Connecting with Customers

How to Make Your Story Connect with Your Customer Base

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Every business has a story. Even if you’re a sole proprietorship, there’s a reason you started your business, a need you want to meet and a commitment to providing that need in the best way possible. Storytelling is an important aspect of marketing – but we’re not talking about a work of fiction. Quite the opposite. Whether your enterprise is business-to-consumer (B2C) or business-to-business (B2B), members of your target market want honesty and transparency as well as a compelling narrative. As we covered in our blog post – “Scheherazade Meets Instagram – Using Digital Storytelling in Social Media” – the major brands successfully use storytelling in their marketing strategies. Fortunately, you don’t need a big budget to put the fundamental principles into practice for yourself!

The strategy of social media storytelling

To begin our Storytelling 101 class, we go to Begon᷉a González-Cuesta – Dean of Communication and Media at IE University and Professor of Visual Narratives and Representation & Ethics. We quote directly from her article for Insights.

In a world that is oversaturated with information and messages, we have to be aware that we live in an “attention economy.” Attention is the most valuable thing consumers can give a brand. Stories that achieve this effect possess the following attributes:

  • They deal with issues that matter to the audience.
  • They focus on the audience’s interests or make them aware of their needs.
  • They encourage audiences to collaborate in their stories.
  • They create emotional connections with the brand.
  • They produce memorable experiences.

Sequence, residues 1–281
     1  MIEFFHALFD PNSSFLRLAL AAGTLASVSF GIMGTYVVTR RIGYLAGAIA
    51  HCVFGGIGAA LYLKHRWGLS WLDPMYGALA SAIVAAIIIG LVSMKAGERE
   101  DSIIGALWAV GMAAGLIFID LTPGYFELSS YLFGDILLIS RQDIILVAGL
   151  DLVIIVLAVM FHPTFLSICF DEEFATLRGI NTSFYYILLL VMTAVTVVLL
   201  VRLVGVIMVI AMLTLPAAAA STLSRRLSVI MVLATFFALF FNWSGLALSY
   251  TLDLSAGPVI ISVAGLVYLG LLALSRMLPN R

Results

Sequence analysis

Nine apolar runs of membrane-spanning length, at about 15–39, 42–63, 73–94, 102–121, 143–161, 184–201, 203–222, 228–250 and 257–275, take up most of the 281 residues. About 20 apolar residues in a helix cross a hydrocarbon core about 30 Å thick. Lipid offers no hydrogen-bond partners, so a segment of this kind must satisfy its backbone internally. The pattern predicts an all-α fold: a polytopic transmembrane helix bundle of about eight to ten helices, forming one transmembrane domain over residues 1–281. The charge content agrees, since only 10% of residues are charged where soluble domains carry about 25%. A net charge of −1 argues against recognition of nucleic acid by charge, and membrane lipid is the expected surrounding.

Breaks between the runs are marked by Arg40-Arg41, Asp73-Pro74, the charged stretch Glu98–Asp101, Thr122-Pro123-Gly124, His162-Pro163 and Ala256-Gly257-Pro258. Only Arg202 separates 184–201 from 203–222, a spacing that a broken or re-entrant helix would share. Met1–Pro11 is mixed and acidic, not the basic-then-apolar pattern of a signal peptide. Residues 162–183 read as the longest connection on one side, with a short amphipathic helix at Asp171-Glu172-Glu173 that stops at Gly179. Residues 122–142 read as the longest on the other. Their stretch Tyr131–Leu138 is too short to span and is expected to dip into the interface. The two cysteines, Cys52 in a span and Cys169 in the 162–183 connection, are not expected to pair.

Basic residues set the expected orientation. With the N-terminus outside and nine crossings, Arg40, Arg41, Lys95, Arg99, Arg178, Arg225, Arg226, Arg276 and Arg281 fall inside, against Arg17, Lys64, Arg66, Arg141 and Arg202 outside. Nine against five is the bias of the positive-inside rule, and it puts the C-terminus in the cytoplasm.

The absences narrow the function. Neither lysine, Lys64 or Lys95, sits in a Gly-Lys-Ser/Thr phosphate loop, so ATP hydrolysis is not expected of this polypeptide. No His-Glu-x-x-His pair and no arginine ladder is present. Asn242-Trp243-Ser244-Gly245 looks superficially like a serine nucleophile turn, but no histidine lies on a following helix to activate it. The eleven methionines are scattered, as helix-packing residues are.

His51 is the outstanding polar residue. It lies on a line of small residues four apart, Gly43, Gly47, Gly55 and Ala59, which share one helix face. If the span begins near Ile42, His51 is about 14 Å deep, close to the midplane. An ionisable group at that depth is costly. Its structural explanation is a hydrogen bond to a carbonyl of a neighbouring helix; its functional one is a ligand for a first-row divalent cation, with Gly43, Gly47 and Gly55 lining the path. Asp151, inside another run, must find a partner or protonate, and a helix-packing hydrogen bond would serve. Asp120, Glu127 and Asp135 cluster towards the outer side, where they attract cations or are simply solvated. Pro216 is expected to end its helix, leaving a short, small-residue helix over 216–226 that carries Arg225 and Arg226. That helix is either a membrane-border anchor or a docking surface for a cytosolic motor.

• They infuse mere information with meaning.
  • They are designed to be shared and to generate conversations and communities.


In order for storytelling to be effective, your story should resonate on an emotional level. As covered in our blog post – “I Second That Emotion – the Role Emotion Plays in Branding” – emotional branding refers to the practice of building brands that appeal directly to a consumer’s emotional state, needs and aspirations. It’s successful when it triggers an emotional response in the consumer that cannot fully be rationalized.

Writes Daryl Person for The Marketing Scope, “This process – which is equal parts art and science – uses storytelling to connect a product with the appropriate audience. Every brand or business has the ability to understand what truly motivates (and demotivates) consumers. Simply by listening to consumers’ own words, brands can gather input about how consumers see them.”

Getting closer to your customers – the Dove Campaign for Real Beauty – and beyond

The platinum standard for emotional branding through storytelling is the Dove Campaign for Real Beauty. Launched in 2004, Dove’s campaigns have foregone professional models in favor of featuring a diverse representation of women from all walks of life – without the digital alterations to their images that are typical. The campaign enjoyed immediate success because members of the brand’s target market saw themselves in the commercials and print ads – and appreciated its message of celebrating individual beauty and self-worth.

The campaign soon branched into the Dove Self-Esteem Project, which provides online resources in its mission to help young people overcome body image issues and fulfill their potential by building positive body confidence and self-esteem. Dove now also champions paternity leave through its Fatherhood Mission.